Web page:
Elias Leisring is best known for his barbecue joint, but he’s also supporting food entrepreneurs all over the Ohio Valley region.
“Chill” might work for some people. But not for Elias Leisring. He runs his businesses ventures with the same heat-seeking intensity he applies to musicianship, fatherhood, food, liquor, architecture, history, and a seemingly endless list of other interests.
That’s why it’s probably confusing for some people to hear the popular restaurateur’s No. 1 piece of business advice, dispensed confidently and in all seriousness: Aim for C-minus.
It’s hard to understand what he means if you’ve never tried Eli’s BBQ, saddled up to the Hi-Mark Bar, or browsed at Herzog Music—distinctive spots that all share a vibe as undeniable as it is unnameable. It’s a twilight game of horseshoes while a honky-tonk record spins just within earshot. It’s hoisting your kid onto shoulders for a better view of the rock show. It’s a five-dollar sandwich as satisfying as a five-course meal. It’s a heady neon buzz as the River Queen glides effortlessly by, emerging, perhaps, from another time.
Leisring’s establishments are made from humble, Midwestern stuff. Don’t try so hard, their walls seem to whisper. Forget about global domination. Quit the paper chase. Camaraderie over competition.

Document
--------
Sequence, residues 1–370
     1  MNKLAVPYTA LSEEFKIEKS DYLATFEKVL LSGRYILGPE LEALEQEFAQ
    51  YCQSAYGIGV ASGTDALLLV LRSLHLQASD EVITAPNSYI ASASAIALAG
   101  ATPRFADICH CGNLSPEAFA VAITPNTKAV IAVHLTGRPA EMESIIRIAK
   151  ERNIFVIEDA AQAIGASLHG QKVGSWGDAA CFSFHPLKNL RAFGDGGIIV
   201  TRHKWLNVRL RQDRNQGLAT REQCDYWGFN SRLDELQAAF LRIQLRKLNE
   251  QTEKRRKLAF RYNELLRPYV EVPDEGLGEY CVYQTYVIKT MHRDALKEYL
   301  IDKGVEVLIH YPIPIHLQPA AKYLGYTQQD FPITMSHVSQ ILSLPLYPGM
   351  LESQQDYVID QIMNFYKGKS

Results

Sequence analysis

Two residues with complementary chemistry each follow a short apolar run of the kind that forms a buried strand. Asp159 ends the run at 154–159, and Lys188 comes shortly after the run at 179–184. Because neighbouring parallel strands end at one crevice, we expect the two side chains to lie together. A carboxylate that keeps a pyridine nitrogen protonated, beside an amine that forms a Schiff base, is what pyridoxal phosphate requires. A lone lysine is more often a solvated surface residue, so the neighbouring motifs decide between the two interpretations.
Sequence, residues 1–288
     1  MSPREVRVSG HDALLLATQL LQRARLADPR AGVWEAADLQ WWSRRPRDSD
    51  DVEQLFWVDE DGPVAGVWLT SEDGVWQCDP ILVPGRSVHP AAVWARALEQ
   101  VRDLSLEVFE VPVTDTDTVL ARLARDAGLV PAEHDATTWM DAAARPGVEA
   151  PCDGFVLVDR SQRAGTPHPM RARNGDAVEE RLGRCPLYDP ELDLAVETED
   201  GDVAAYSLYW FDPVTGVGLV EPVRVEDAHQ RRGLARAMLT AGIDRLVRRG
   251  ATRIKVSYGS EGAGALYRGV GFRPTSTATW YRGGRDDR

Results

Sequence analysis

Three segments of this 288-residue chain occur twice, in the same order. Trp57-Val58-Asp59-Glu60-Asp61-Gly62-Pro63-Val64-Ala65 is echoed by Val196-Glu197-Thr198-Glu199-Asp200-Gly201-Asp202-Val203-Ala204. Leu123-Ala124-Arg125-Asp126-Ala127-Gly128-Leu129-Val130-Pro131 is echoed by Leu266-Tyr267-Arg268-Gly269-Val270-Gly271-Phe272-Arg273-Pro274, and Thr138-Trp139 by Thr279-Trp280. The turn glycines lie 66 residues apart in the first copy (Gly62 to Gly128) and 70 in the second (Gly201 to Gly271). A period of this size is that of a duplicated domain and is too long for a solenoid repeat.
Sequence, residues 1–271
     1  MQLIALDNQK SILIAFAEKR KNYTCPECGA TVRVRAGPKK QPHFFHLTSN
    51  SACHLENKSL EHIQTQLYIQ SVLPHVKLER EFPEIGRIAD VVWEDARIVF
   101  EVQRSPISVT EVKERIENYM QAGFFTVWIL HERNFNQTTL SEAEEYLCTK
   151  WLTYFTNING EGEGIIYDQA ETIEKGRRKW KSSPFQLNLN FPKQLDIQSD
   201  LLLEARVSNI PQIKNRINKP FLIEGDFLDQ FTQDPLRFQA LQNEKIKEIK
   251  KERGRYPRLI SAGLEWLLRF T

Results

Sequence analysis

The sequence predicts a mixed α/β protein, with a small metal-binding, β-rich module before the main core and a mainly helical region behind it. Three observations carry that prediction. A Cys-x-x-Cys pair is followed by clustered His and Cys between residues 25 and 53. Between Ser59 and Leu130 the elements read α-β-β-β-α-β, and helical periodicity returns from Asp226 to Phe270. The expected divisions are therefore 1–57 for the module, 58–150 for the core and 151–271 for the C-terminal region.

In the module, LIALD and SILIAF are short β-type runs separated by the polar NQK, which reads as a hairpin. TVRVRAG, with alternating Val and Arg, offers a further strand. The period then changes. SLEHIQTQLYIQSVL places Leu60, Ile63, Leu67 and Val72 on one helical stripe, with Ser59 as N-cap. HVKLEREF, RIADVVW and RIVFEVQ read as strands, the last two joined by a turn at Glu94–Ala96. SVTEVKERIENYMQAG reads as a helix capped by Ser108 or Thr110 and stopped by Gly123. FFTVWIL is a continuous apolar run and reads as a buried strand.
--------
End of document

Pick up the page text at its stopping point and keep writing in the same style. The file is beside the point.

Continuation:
So far, the philosophy is well received. In his mission to capture the very essence of what makes Cincinnatians proudest, Leisring has become much more than a pitmaster; he’s a master of reinvention who’s redefining his hometown, one venture at a time.
From the Suit to the Spit
Leisring quit his banking job and joined the burgeoning local food scene in the late 2000s, at a time when neighborhoods across Greater Cincinnati were feeling the first stirrings of renaissance but were still regarded by many as risky places to do business. He planted his laidback-to-the-extreme, cash-only barbecue operation smack-dab in the middle of an East End neighborhood still very much on the come-up, and was, to even his own surprise, greeted by instant supporters, rabid fans, and offers to collaborate.
Fast forward to now: Eli’s BBQ has become a household name, expanding to include eight brick-and-mortar locations, including a multistate partnership with Kroger. Meanwhile, Leisring’s ventures in the local entrepreneurial space include everything from a Vietnamese-infused roadside pub to a downtown record shop.